Warblers' EMS. "We don't know exactly what happens in this maze of tall buildings," musician and Loop bird rescuer Robbie Hunsinger tells Chicago Wilderness (Summer). Somehow during spring and fall migrations "the birds--a lot of thrushes, warblers, ovenbirds--get pulled down into these canyons then fly into lit windows and reflective glass, or else just become exhausted from circling and settle at street level. Which is one of the reasons it's crucial to get there early because there's a huge predator problem: gulls, crows, some rats. I've seen a gull pick up a stunned bird right in front of me before I could get to it."
"Employers prevail 94.5 percent of the time" in lawsuits based on the Americans With Disabilities Act and "78.1 percent of the time in administrative complaints handled by the Equal Employment Opportunity Commission," reports the American Bar Association in a June 18 press release. Why? Because plaintiffs "must have a physical or mental impairment that substantially limits a major life activity...yet still be qualified to perform essential job functions."
"We found that we could not make it in Chicago," Heartland Institute president Joseph Bast tells Bernard Chapin in the Web zine "Enter Stage Right" (June 16), "which is why we decided to become a national rather than state or regional organization," though its offices are still in the Loop. "The political parties and governments of Chicago and Springfield, as near as I can figure, are invincible to good [libertarian or conservative] ideas, no matter how eloquently expressed or frequently published. After ten years of trying to 'speak truth to power,' I simply gave up and decided to find more receptive audiences elsewhere."
Has welfare reform helped poor people in Illinois--or pushed them aside? Writing in the Chicago Reporter (June), Sarah Karp keeps the question open by citing the Illinois Families Study, a long-term project of Northwestern University's Institute for Policy Research. "The ongoing study found that 37 percent of 1,072 tracked families who were on welfare in 1998 had no adult working or receiving cash assistance by the end of 2002."
And planks are no longer involved. Jim Nugent writes in the June issue of "Bike Traffic" that the 20-mile-long Old Plank Road Trail, which runs from Joliet to Park Forest, "is like Chicago's Lakefront path but with less people, no lake but more nature."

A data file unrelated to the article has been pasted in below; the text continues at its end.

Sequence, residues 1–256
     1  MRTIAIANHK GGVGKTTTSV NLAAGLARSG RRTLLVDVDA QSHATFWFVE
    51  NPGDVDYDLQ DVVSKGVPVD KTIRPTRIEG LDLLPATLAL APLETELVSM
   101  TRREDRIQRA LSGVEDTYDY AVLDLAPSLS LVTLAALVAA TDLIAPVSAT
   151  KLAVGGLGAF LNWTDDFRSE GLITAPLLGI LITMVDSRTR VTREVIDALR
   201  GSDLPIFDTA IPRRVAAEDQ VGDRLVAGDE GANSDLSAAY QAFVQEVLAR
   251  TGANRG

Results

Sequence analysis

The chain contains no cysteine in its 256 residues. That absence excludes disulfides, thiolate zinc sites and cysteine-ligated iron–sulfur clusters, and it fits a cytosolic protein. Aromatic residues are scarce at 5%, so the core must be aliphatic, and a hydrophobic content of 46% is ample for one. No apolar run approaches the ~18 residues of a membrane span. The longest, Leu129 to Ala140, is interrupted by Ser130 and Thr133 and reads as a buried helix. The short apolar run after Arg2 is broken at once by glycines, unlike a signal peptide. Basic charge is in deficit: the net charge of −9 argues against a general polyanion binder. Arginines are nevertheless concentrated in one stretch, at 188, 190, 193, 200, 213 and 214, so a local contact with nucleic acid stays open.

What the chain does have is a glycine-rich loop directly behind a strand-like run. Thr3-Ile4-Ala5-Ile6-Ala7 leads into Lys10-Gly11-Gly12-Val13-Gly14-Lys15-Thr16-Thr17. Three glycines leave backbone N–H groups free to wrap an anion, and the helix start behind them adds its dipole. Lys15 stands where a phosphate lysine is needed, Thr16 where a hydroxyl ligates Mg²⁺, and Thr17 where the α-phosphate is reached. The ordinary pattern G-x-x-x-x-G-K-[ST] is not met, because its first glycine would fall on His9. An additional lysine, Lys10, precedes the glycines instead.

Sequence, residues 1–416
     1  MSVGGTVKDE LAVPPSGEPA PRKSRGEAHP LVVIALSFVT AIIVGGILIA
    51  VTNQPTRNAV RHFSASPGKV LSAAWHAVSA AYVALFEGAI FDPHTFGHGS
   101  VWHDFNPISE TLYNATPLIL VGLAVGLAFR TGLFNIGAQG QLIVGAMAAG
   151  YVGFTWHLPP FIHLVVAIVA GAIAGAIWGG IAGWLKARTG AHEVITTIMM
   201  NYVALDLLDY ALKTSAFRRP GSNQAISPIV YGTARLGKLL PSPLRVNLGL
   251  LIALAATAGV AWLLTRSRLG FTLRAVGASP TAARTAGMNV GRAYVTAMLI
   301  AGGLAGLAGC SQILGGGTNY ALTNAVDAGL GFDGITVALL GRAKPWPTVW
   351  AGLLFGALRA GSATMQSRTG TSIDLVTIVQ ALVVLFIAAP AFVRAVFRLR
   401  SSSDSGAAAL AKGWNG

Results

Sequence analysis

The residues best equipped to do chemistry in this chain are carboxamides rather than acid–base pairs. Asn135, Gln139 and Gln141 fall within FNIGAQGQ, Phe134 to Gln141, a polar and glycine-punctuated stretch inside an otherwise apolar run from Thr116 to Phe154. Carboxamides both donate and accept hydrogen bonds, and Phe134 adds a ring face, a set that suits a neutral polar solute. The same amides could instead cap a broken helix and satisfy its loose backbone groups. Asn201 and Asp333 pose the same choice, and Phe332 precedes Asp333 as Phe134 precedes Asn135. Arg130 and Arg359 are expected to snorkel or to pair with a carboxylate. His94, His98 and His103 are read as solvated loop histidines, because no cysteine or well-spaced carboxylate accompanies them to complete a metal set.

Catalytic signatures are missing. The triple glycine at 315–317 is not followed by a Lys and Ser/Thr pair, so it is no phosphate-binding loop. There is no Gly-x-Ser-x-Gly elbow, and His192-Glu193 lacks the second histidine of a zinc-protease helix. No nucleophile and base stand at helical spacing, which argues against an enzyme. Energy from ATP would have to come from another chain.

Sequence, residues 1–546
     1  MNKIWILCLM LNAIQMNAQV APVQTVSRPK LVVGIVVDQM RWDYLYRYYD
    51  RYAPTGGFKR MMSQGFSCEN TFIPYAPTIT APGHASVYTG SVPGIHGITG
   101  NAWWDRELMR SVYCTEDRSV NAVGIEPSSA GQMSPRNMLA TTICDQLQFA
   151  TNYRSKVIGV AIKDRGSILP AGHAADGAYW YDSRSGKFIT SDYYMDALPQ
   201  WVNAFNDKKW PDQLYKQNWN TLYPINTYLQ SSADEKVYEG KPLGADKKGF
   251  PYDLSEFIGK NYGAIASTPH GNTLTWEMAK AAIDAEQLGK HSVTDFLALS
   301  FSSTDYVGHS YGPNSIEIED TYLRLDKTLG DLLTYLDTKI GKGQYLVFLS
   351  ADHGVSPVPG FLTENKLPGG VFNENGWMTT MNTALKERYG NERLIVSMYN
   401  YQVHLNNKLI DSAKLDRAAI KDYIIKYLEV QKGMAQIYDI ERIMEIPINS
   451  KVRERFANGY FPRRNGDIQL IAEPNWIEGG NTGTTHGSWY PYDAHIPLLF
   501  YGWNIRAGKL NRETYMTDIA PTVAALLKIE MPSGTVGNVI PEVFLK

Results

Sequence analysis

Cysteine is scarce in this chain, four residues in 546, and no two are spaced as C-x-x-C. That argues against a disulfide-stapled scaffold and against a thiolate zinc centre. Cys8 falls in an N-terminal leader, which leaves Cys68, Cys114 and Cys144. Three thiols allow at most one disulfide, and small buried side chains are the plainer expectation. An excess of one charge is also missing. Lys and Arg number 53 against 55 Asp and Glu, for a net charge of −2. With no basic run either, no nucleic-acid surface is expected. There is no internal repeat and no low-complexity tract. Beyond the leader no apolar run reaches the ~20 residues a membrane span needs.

Are you old enough to remember when Republicans objected to unfunded mandates instead of imposing them? According to a June 10 press release from Senator Dick Durbin's office, he has introduced a bill "that would give states the option of deferring the mandated corrective actions of the No Child Left Behind Act in years when promised federal funding has not been appropriated, while continuing the testing and adequate yearly progress measurements contained in the law."
Between 1992 and 2001, Illinois spent a larger share of its federal highway funds than the average state on road and bridge repair, safety, research,
and "community/environmental mitigation," according to the February issue of "Progress," newsletter of the Surface Transportation Policy Project. Illinois spent less than average on new road and bridge capacity as well as on transit.
"Often the family members who strongly insist on ongoing life-sustaining therapy have a disturbed relationship with their parents," says Myles Sheehan, associate professor of medicine at Loyola, in U.S. Catholic (July). "They think they need to prove their love by doing everything medically available to make up for what they haven't done during their lifetime....The classic situation is the mother with two children. The daughter, who cared for Mama for a million years, says, 'Let's just keep her comfortable.' The son, who's a lawyer from California, shows up and announces he's going to sue everybody and he's going to show everybody how much he loves Mama by demanding ridiculously burdensome treatments. I see this kind of thing way too often."